COURTESY NEPTUNE MEMORIAL REEF

Author Karen Jones

Author Karen Jones

A: Even if you are young and you’re healthy, you might want to get the book. You don’t have to figure out absolutely everything down to the last song you want played at your ceremony, but your might want to go ahead and make those big choices like, yeah, I want direct cremation. I think it’s important to make five or six big basic choices and write them down, like, “I want to be cremated but I want to have the big fancy viewing, so go ahead and rent me a coffin for the viewing and then put me in the cardboard box at the crematorium and let it rip.”

Q: You can rent coffins?

A: Yes, isn’t that great? So you can have the show casket for the big viewing or the ceremony and then you can be taken to the crematorium and cremated in a cardboard box, or you can be buried in the little tiny pine box. You could build your own coffin.

Q: Are there classes for that?

A: Totally! They have classes at several community colleges, especially way in the northwest, like in Oregon — they have community college courses where you can build your own coffin.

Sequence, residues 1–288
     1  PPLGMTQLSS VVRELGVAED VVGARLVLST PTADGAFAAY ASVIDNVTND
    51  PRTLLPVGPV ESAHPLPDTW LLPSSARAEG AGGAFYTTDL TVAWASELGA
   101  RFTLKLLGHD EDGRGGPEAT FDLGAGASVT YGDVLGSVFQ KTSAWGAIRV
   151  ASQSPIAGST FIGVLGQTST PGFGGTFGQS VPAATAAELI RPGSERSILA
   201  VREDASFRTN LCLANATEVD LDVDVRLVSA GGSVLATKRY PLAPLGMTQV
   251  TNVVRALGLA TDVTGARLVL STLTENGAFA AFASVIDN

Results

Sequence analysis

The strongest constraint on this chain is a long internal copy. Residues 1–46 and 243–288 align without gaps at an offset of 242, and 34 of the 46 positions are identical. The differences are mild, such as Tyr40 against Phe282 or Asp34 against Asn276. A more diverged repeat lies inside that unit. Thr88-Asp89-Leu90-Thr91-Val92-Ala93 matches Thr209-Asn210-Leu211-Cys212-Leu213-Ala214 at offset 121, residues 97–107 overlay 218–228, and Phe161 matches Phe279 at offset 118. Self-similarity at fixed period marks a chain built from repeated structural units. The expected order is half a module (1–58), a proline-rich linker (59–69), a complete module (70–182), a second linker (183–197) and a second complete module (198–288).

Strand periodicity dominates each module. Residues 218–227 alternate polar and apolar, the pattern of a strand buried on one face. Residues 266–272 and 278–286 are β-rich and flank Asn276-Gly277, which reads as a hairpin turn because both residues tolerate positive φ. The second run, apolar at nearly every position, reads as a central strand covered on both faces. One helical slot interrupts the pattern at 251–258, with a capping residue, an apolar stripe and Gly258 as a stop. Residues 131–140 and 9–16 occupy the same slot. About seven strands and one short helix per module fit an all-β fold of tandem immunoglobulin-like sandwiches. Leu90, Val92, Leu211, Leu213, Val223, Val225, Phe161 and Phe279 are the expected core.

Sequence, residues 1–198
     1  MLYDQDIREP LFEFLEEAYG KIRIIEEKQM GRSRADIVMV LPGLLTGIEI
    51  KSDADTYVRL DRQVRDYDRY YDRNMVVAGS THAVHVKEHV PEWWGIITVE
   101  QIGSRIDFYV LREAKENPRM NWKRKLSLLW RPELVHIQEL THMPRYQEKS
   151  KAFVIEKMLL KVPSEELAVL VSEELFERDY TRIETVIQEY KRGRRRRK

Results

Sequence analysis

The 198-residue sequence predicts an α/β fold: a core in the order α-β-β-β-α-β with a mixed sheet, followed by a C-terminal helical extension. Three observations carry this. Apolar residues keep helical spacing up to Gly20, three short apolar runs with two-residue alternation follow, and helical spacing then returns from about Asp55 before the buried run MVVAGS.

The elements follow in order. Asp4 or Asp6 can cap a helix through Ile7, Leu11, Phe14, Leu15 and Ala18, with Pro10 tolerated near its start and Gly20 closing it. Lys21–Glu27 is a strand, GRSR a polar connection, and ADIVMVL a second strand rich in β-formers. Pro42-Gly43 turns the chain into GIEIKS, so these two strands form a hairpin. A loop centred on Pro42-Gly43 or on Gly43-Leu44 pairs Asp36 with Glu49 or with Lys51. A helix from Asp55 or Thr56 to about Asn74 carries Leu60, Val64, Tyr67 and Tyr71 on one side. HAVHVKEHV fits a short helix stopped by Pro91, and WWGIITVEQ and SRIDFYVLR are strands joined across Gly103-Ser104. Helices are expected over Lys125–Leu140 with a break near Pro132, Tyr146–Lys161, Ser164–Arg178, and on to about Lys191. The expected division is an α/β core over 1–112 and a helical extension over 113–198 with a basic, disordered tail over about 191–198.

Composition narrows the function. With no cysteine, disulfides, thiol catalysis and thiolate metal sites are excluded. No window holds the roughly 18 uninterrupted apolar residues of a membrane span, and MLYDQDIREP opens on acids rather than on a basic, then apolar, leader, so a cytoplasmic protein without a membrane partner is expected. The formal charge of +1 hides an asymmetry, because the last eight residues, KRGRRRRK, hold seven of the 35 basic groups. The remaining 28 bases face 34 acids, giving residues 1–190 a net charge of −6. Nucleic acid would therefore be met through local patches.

Q: Do attitudes on death change depending on where you are in the country?

A: Mostly by age. The older people want the traditional stuff, the younger people want to be shot out on the potato gun or have their ashes scattered by hot air balloon or turned into a diamond ring to give it to their friend or something like that. Your ashes can be made into anything, like a walking stick. The one that gave me the creeps was that your ashes could be put in an hourglass. It’s got its own weird kind of blackness to it.

Q: So what about the greening of funerals. Can we die and be environmental?

A: In the book, I have some listings of what they put in the ground (for traditional burials) and it’s thousands of pounds of steel and embalming fluid that just (don’t) go away. The green burial movement started in Britain, and it’s huge over there. There are some natural burial grounds where either your ashes or your full body can be buried and the cool thing about this is that most of these are nature preserves, where they actually have a deeded trust so the land cannot be developed into the next strip mall. It is held as a nature preserve, so they keep the land available for the birds and the bees and the animals, and you are planted in the ground. They don’t even put the markers up where your ashes are or your body is — they give you GPS coordinates. So if Aunt Suzy wants to, like, hike around in the woods and find you, she can.

Q: Like geocaching!?